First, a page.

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Generally, it isn't what you know, it is who you know. Promotion depends on having kissed the right butts and looked good when it counted. It also helps to be part of the right demographic these days, at least in major companies. Since both of your example candidates were female, it takes out the gender issue. It helps to be attractive, too.... even studies have shown that.

It may not sound fair, but this is the way the world works. To get ahead, you play their game. I'm pretty sure that being female/lesbian has gotten me some "brownie points" in my field, where most of the employees are men. It looks good for the company that they hired a woman, that they hired a certain number of people of a "minority" ethnicity, etc... Knowing this, I've made no secret of my orientation and I've taken my GF#1 to company parties as my date/partner. I try to stay in shape, dress modestly but also somewhat attractively, etc... I dislike that it is necessary, but when me and mine depend on my salary, I do what I gotta do.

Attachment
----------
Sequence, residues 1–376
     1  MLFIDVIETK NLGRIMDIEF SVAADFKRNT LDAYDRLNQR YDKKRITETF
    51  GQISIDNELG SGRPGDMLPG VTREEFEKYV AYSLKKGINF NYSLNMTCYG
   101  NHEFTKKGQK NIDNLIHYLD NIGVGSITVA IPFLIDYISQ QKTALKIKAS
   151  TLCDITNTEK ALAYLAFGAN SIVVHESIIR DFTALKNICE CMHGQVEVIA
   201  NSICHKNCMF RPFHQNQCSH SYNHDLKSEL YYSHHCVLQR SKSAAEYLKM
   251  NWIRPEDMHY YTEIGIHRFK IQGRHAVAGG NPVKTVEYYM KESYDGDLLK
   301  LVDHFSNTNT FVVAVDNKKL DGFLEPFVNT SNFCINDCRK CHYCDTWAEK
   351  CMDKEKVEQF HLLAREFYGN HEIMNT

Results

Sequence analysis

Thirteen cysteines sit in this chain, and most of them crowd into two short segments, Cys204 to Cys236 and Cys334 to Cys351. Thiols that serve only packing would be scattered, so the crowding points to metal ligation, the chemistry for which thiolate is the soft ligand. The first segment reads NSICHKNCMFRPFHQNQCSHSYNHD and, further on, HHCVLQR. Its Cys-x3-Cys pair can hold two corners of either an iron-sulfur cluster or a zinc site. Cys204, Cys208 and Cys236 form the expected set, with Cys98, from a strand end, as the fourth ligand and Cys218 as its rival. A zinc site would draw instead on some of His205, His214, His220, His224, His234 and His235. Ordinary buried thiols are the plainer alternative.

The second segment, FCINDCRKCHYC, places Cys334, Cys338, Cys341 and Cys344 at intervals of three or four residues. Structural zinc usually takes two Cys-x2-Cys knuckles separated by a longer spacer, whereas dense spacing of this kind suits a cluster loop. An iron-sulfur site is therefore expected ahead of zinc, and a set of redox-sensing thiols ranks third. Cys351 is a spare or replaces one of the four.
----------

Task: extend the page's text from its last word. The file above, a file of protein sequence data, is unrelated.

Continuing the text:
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Old 19th July 2017, 2:17 AM   #4
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Which one of them had better interpersonal skills?
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Old 19th July 2017, 11:36 AM   #5
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Tought to say, not all hiring is fair and there could be biases there.

But there could be differences in education and prior experience that you don't realize but make the other person more qualified.